The opinion of the court was delivered by: Baylson, J.
MEMORANDUM ON DEFENDANT WILLIAM I. NORWOOD, M.D., PH. D.'S MOTION FOR SUMMARY JUDGMENT
Plaintiff Michelle Madden ("Madden"), as parent, natural guardian, and administrator of the estate of the deceased Mykenzie Madden ("Mykenzie"), brings wrongful death and negligence (Counts III and IX), and lack of informed consent (Count VI) claims against Defendants William I. Norwood, M.D., Ph. D. ("Dr. Norwood") and Christian Pizarro, M.D. ("Dr. Pizarro").*fn1 Presently before the Court is Dr. Norwood's Motion for Summary Judgment (Docket No. 67) seeking to dismiss all remaining claims against him in Plaintiff's Complaint, pursuant to Federal Rule of Civil Procedure 56.*fn2 Oral argument was held on December 17, 2009. For the reasons that follow, Dr. Norwood's Motion for Summary Judgment will be granted.
II. Factual & Procedural Background
Taking Madden's allegations as true, the relevant facts are set forth as follows. Madden is the mother of Mykenzie, who was born on February 17, 2003, was diagnosed with serious heart conditions-Double Outlet Right Ventricle with hypoplastic left ventricle and intact atrial septum-and passed away on September 3, 2003, following two open-heart surgeries that were performed at the Dupont Hospital. (Compl. ¶¶ 3, 12.) Madden, a New Jersey resident, brought Mykenzie to Delaware to have her treated by Dr. Norwood and to undergo a three-stage surgical procedure. (Def.'s Reply to Pl.'s Resp. to Def.'s Mot. for Summ. J., Ex. H.) Dr. Pizarro and Dr. Norwood were two cardiac surgeons at Dupont Hospital who operated on Mykenzie. (Compl. ¶ 22.)
On February 21, 2003, four days after Mykenzie was born, Dr. Pizarro performed the first surgery. (Compl. ¶ 15.) On August 22, 2003, Dr. Pizarro and Dr. Norwood, who were listed on Mykenzie's medical charts as primary and assistant surgeons, respectively, performed the second surgery, a hemi-fontan procedure. (Def.'s Mot. for Summ. J., Ex. A, at 1.)*fn3 Madden alleges that Drs. Pizarro and Norwood's use of a "dangerous" and "risk[y]" "'cooling strategy' on cardiopulmonary bypass and for circulatory arrest" during the first two stages of Mykenzie's surgical procedure, and "failure to perform the appropriate surgeries" fell below the standard of care, resulting in Mykenzie's "preventable death." (Compl. ¶¶ 118-121.) Madden also alleges that she was never informed of the high risk, varying success rates, and experimental nature of the cooling strategy and circulatory arrest procedure used on Mykenzie, nor given a choice to refuse such a procedure, and that she "justifiably relied to her detriment" upon Drs. Norwood and Pizarro's expertise. (Compl. ¶¶ 140-42, 151.)
The parties have completed discovery. On September 15, 2009, Dr. Norwood filed this Rule 56 Motion for Summary Judgment, seeking to dismiss Counts III, VI, and IX against him.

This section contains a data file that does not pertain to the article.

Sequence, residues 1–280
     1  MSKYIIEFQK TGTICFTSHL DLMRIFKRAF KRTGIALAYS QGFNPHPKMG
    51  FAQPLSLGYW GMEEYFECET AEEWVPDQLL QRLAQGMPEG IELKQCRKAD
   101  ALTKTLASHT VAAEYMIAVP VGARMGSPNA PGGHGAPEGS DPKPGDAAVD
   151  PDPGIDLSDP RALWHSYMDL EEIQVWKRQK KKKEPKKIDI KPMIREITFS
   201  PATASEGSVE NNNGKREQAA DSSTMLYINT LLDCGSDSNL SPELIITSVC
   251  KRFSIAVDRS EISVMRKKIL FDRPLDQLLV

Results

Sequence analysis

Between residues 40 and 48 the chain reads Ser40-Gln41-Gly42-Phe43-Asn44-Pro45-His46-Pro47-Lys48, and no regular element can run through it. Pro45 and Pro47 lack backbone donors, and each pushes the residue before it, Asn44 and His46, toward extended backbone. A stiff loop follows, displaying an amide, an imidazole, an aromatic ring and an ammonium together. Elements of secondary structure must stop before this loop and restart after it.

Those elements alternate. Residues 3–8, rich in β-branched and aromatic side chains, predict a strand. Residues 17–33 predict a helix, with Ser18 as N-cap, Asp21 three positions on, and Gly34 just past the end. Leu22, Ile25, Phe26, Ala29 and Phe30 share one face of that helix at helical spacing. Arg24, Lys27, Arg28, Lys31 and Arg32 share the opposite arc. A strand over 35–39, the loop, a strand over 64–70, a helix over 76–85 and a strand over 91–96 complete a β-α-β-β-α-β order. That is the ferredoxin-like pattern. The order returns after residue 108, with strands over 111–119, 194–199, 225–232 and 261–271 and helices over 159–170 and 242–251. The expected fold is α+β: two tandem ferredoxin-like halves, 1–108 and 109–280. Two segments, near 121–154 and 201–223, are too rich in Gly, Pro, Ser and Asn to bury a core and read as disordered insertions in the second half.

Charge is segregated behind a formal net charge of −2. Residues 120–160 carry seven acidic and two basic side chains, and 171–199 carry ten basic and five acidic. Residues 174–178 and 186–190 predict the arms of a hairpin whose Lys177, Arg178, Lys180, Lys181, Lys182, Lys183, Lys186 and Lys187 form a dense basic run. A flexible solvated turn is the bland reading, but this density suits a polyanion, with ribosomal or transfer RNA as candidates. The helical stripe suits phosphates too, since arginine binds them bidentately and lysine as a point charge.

III. Jurisdiction and Legal Standards
This Court has subject matter jurisdiction under 28 U.S.C. § 1332(a), since the parties are citizens of different states and the amount in controversy exceeds $75,000.Venue is appropriate under 28 U.S.C. § 1391(a).
When a federal district court presides over a case grounded in diversity jurisdiction, the court "must apply the choice-of-law rules of the forum state." LeJeune v. Bliss-Salem, Inc., 85 F.3d 1069, 1071 (3d Cir.1996) (citing Klaxon v. Stentor Elec. Mfg., 313 U.S. 487, 496 (1941)). Delaware law applies here and the parties do not dispute which forum state's law applies. (Compl. ¶¶ 114, 199; Def.'s Mot. for Summ J. 5-6.) Accordingly, this Court will apply Delaware law to Madden's claims against Dr. Norwood.
Summary judgment is appropriate "if the pleadings, the discovery and disclosure materials on file, and any affidavits show that there is no genuine issue as to any material fact and that the movant is entitled to judgment as a matter of law." Fed. R. Civ. P. 56(c). An issue is "genuine" if the evidence is such that a reasonable jury could return a verdict for the non-moving party. Anderson v. Liberty Lobby, Inc., 477 U.S. 242, 248 (1986). A factual dispute is "material" if it might affect the outcome of the case under governing law. Id.
A party seeking summary judgment always bears the initial responsibility for informing the district court of the basis for its motion and identifying those portions of the record that it believes demonstrate the absence of a genuine issue of material fact. Celotex Corp. v. Catrett, 477 U.S. 317, 322 (1986). Where the non-moving party bears the burden of proof on a particular issue at trial, the moving party's initial burden can be met simply by "pointing out to the district court that there is an absence of evidence to support the non-moving party's case." Id. at 325. After the moving party has met its initial burden, the adverse party's response must, "by affidavits or as otherwise provided in this rule[ ] set out specific facts showing a genuine issue for trial." Fed. R. Civ. P. 56(e). Summary judgment is appropriate if the non-moving party fails to rebut by making a factual showing "sufficient to establish the existence of an element essential to that party's case, and on which that party will bear the burden of proof at trial." Celotex, 477 U.S. at 322. Under Rule 56, the Court must view the evidence presented on the motion in the light most favorable to the opposing party. Anderson, 477 U.S. at 255.
Madden brings two counts against Dr. Norwood for medical negligence (Counts III and IX) and one for lack of informed consent (Count VI). Dr. Norwood's motion for summary ...